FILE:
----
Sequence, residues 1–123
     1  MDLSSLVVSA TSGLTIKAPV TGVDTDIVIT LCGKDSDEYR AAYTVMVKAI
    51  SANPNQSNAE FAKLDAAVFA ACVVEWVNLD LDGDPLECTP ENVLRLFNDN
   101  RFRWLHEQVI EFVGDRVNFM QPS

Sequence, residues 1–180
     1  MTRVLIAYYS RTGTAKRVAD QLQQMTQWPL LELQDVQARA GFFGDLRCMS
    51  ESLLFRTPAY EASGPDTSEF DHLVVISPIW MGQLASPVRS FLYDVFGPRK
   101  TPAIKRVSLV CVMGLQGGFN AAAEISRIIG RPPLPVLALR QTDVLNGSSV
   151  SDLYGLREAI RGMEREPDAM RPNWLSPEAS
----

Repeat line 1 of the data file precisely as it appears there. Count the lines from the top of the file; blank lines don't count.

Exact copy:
Sequence, residues 1–123